More than six months after Texas father David Barnes was arrested by Russian authorities, his family is calling on officials in Washington to do more to try to facilitate his release.
"David's a very caring and empathetic person," his sister, Carol Barnes, told ABC News. "Every minute of every day, my mind is on what he's going through, the hell that he's living in, and how unjust it is."
The video above is from a previous report.
David has been held since January in a Moscow jail. He is one of several Americans being detained in Russia, but unlike Brittney Griner, Paul Whelan or Marc Fogel, law enforcement in Moscow has alleged that he engaged in criminal activity in the United States -- an accusation that has bewildered members of his family, American prosecutors and now, his local congressman.
"Mr. Barnes has been arrested and detained for political purposes, and my office is working with the State Department to bring him back to Texas as soon as possible," Rep. Kevin Brady told ABC News in a statement. "We continue to urge the Biden administration to do all it can to resolve this situation and free Mr. Barnes."
David traveled from suburban Houston to Moscow in December 2021 in an effort to gain legal clearance to either see his children or bring them home, after his Russian ex-wife allegedly violated a court custody order and fled the United States with them, according to his family.
In August 2020, a judge in Montgomery County signed an order designating David as the sole managing conservator of his children, which gave him rights to decide the primary home for his children, make decisions regarding their education, represent them in legal actions, and possess their passports.
David's ex-wife is herself now wanted in the U.S. on a felony charge of interference with child custody, after she fled with the children in 2019.
"David Barnes traveled to Russia in an honest attempt to reunite with his children, who had been kidnapped by their mother and taken to Russia illegally," Brady said. "This is a child custody dispute, not a criminal matter."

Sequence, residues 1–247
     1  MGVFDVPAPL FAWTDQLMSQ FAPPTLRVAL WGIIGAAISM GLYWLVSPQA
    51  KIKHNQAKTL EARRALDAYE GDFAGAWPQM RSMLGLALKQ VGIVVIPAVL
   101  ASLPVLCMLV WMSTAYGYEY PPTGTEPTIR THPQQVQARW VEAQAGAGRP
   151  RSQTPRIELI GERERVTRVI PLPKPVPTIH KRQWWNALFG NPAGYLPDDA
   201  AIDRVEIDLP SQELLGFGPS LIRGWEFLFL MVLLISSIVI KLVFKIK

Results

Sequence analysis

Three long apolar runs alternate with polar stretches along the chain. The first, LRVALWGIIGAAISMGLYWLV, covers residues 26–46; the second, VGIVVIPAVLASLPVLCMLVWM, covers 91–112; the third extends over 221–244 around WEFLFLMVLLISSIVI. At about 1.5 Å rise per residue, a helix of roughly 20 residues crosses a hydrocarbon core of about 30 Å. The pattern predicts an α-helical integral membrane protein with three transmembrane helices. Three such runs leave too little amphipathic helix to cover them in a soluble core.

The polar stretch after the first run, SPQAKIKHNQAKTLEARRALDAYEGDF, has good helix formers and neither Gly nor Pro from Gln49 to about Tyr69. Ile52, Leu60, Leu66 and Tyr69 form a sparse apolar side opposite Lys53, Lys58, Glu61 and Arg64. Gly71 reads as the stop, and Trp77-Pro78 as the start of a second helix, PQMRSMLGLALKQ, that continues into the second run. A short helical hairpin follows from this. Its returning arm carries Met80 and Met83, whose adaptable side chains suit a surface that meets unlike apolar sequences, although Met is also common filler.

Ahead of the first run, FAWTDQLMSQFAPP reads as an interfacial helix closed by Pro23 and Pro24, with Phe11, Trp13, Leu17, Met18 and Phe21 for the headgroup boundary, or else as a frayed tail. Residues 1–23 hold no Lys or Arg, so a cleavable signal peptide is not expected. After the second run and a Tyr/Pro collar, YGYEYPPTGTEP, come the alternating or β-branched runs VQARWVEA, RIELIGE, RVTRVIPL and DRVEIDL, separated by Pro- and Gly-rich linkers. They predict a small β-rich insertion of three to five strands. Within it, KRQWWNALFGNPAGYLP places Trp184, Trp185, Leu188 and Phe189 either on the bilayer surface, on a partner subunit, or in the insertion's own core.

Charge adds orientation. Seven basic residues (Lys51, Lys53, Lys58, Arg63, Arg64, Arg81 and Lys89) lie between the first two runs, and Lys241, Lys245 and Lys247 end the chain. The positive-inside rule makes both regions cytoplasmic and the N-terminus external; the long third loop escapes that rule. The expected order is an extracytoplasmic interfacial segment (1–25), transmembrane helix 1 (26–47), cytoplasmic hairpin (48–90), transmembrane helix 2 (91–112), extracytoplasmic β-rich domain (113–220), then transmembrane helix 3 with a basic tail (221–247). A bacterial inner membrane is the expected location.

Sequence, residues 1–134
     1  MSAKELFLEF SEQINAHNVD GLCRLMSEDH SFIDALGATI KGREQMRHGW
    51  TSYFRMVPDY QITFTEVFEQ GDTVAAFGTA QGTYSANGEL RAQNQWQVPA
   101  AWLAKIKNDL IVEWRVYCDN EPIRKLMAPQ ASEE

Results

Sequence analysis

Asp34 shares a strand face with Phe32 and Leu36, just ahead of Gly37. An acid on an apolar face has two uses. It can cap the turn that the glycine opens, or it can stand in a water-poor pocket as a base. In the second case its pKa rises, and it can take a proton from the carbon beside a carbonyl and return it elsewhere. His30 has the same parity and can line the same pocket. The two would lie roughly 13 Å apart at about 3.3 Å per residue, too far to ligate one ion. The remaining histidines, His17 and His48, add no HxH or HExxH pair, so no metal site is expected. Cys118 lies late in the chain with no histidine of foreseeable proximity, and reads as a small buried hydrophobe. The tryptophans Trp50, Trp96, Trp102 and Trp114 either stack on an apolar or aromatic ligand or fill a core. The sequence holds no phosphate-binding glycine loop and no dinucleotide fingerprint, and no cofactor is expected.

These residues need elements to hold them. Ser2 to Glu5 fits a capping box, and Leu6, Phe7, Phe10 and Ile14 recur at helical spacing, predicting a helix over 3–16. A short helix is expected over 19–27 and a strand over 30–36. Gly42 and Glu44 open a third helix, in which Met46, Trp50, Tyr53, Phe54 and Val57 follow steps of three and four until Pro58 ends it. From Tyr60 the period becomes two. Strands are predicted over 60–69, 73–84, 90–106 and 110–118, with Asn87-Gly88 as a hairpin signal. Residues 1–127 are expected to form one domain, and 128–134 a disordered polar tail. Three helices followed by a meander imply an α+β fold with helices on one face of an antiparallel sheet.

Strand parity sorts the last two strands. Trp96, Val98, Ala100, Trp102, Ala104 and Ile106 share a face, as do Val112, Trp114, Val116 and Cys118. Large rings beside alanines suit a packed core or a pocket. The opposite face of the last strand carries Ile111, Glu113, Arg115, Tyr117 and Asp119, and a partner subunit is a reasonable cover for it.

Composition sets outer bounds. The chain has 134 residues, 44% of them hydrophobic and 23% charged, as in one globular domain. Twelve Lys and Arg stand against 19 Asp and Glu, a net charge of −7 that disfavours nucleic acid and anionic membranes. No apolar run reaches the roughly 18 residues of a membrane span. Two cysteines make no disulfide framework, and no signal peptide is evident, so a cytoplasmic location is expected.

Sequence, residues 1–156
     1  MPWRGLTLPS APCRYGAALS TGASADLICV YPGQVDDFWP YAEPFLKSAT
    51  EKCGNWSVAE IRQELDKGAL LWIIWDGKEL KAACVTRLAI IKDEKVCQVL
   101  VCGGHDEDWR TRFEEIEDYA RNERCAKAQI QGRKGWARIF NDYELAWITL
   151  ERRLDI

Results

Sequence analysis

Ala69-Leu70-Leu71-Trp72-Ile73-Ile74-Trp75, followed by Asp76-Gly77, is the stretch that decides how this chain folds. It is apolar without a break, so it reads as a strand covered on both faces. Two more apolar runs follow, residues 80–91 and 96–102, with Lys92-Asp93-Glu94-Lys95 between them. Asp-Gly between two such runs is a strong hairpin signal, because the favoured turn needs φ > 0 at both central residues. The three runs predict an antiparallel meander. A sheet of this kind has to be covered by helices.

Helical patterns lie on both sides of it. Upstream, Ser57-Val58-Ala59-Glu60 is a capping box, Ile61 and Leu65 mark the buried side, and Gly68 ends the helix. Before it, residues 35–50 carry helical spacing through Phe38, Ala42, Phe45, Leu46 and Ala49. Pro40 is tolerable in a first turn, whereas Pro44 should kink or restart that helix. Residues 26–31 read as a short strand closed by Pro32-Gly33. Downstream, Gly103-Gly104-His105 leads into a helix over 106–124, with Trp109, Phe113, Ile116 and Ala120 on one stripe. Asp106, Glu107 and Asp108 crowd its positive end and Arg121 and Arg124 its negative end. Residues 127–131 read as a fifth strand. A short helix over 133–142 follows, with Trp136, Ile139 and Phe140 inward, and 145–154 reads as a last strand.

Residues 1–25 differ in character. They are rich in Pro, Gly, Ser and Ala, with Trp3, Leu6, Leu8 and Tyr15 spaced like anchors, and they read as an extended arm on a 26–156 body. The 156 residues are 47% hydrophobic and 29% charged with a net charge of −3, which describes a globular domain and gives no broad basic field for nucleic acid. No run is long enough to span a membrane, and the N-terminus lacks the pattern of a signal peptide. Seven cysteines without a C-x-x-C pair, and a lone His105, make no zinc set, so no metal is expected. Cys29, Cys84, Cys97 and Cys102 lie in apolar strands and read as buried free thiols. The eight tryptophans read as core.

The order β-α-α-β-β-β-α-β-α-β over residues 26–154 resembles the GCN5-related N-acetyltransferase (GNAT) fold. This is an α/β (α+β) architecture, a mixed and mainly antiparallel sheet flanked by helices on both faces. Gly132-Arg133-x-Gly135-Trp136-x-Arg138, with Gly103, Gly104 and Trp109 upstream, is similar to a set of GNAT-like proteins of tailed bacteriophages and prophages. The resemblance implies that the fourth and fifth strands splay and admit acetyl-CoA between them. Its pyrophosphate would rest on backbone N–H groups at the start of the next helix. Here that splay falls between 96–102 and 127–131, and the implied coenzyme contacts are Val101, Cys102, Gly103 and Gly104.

On Jan. 13, Russian investigators apprehended David in Moscow, accusing him of abusing his two children years earlier in Texas, according to translations of court documents.
Similar allegations against David were brought to authorities in Texas by his now-ex-wife Svetlana Koptyaeva during their long and acrimonious divorce proceedings. The allegations were investigated in 2018 by the Department of Family and Protective Services, which found insufficient evidence to support them and closed the case without any findings of abuse or any charges against David.
"At this time, there are no accusations out of Montgomery County that we are aware of that would allow Mr. Barnes to be held in custody," Kelly Blackburn of the Montgomery County District Attorney's Office told ABC News in May.
A spokesperson for the Harris County District Attorney's Office said in May that David had not been charged in any child abuse cases there either.
Representatives from the U.S. Embassy in Moscow have met with David in the time since his arrest, according to emails between his family and the State Department. However, Brady's comments mark the first time that an elected official has stated publicly that David's detention in Russia is due to "political purposes."
Carol is hoping the increased attention on her brother's situation will motivate other officials to classify him as being wrongfully detained, push for his release or add him to a proposed prisoner exchange between Russia and the U.S.
"Washington should be able to get their own American citizens back home without so much red tape and us having to contact hundreds of people and getting 1% response," Carol said. "I mean, somebody pay attention."
In July, Secretary of State Antony Blinken announced a proposal that called on Russia to exchange Brittney Griner and Paul Whelan for Viktor Bout, a Russian citizen who was convicted of charges related to illegal arms trafficking. Carol said she has not heard anything about her brother being part of any potential prisoner exchange.
ABC News asked the White House in July whether it considers David to be wrongfully detained and if efforts have been made to secure his release, but it referred all questions to the State Department.
"It's just so frustrating," Carol said. "I realize we're dealing with Russians and it's not that easy, but I don't think they're paying enough attention to it."
A spokesperson for the State Department wrote in a statement on July 26 that they are continuing to urge the Russian government to allow for regular consular access and services to be provided to Americans who remain detained in Russia.
"We take seriously our responsibility to assist U.S. citizens abroad and are monitoring Mr. Barnes' situation closely," the spokesperson said, in part. "The department routinely monitors cases of all U.S. nationals detained abroad for indications that it should be designated as a wrongful detention. Due to privacy considerations, we have no further comment at this time."
David celebrated his 65th birthday in his Moscow detention center in July. His family does not know when they will get to see him again.
"I want him back. I love him. I miss him," Carol said. "There's no joy in my life right now at all."
ABC News' Shannon Crawford contributed to this report.